You Are a Yellow Crayon

Your world is colored with happy, warm, fun colors.
You have a thoughtful and wise way about you. Some people might even consider you a genius.
Charming and eloquent, you are able to get people to do things your way.
While you seem spontaneous and free wheeling, you are calculating to the extreme.

Your color wheel opposite is purple. You both are charismatic leaders, but purple people act like you have no depth.

What Color Crayon Are You?

tunes and tomes

Kate Hurley, Sleeping When You Woke Me
Over the Rhine, The Trumpet Child
Wilco, Sky Blue Sky

What is the What, Dave Eggers
Paste Magazine
A friend’s project for her dissertation
The new Pottery Barn catalog

boxing God in *

September 2000, Gulf Shores, AL. I’m in a mid-level management position and I’m in over my head. I’m busting my tail and making it work. Clawing the walls pursuing success whatever the cost. Yet, spiritually I am dying on the inside. During a walk on the beach, a friend that was watching my downward spiral had the guts to get in my face and tell me that either God was enough, or He wasn’t – and I had to decide. Because I totally had God in a box. I hate the term “life-changing” because I think it is totally overused, but this was one of those moments for me, although I didn’t realize it until later.

For months I had some alphabet magnets on my fridge that said ‘is God enough’ – a question that I really wrestled with. I don’t know the exact point that something changed, but it did, and one day I rearranged the magnets to say ‘God is enough’. Theology shift.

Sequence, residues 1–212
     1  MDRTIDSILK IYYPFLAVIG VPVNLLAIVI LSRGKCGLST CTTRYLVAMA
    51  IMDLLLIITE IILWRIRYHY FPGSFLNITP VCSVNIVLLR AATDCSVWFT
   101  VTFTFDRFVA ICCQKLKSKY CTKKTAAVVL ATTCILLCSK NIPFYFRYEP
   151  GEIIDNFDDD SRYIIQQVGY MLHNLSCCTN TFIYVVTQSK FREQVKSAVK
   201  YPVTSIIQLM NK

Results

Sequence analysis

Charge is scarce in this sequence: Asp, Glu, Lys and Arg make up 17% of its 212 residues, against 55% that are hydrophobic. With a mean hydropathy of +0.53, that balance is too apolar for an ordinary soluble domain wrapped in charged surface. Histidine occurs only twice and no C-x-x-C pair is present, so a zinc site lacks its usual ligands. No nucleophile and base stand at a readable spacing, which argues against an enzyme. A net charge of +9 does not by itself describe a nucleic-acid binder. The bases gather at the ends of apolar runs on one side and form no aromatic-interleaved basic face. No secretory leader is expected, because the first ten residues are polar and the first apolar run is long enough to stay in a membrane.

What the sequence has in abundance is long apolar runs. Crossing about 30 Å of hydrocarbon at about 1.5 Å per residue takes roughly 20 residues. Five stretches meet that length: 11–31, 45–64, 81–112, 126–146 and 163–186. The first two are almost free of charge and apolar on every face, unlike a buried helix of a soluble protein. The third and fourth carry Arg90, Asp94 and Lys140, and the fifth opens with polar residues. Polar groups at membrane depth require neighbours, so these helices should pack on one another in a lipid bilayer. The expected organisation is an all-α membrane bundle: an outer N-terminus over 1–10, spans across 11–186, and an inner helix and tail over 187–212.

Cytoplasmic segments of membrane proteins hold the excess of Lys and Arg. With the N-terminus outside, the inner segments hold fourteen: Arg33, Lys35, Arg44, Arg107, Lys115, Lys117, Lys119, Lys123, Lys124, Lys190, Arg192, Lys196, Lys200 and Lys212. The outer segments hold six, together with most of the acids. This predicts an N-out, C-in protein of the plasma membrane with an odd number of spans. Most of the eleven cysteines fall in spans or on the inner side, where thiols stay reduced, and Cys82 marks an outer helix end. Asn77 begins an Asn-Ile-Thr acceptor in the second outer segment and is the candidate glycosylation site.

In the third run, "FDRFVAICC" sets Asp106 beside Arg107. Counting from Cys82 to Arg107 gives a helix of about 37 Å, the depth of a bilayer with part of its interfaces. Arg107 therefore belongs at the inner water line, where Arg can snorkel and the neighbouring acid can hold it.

Last night I went to church with some friends. The theme of the message was God is Not in Your Box. It was an interactive evening, well done with a nice balance of reflective questions and audience participation. For me, the timing was impeccable as this came right on the heels of two long, bear-your-soul conversations with friends in the preceding 24 hours. The kind of conversations that you walk away from glad that you had, yet still wishing you hadn’t gone there because it is so vulnerable. And it stirs up your junk.

The last few days have been rather enlightening as I have realized how walled-off my heart has been and how shut-down I have been, both to God and other relationships. Not that I’m totally ready to do anything about it, but at least I see it.